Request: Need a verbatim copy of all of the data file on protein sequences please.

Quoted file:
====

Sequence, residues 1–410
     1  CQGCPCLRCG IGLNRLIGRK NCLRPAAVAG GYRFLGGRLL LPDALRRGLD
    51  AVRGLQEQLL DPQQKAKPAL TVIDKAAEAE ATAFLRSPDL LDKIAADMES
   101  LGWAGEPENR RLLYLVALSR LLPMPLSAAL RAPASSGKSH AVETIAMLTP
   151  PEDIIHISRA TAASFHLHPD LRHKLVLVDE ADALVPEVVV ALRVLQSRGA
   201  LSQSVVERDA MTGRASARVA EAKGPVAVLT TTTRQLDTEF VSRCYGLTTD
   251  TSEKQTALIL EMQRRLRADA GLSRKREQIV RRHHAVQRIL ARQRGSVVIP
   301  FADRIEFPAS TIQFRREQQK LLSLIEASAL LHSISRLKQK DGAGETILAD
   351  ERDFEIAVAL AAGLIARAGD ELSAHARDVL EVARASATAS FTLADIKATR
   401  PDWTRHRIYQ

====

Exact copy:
Sequence, residues 1–410
     1  CQGCPCLRCG IGLNRLIGRK NCLRPAAVAG GYRFLGGRLL LPDALRRGLD
    51  AVRGLQEQLL DPQQKAKPAL TVIDKAAEAE ATAFLRSPDL LDKIAADMES
   101  LGWAGEPENR RLLYLVALSR LLPMPLSAAL RAPASSGKSH AVETIAMLTP
   151  PEDIIHISRA TAASFHLHPD LRHKLVLVDE ADALVPEVVV ALRVLQSRGA
   201  LSQSVVERDA MTGRASARVA EAKGPVAVLT TTTRQLDTEF VSRCYGLTTD
   251  TSEKQTALIL EMQRRLRADA GLSRKREQIV RRHHAVQRIL ARQRGSVVIP
   301  FADRIEFPAS TIQFRREQQK LLSLIEASAL LHSISRLKQK DGAGETILAD
   351  ERDFEIAVAL AAGLIARAGD ELSAHARDVL EVARASATAS FTLADIKATR
   401  PDWTRHRIYQ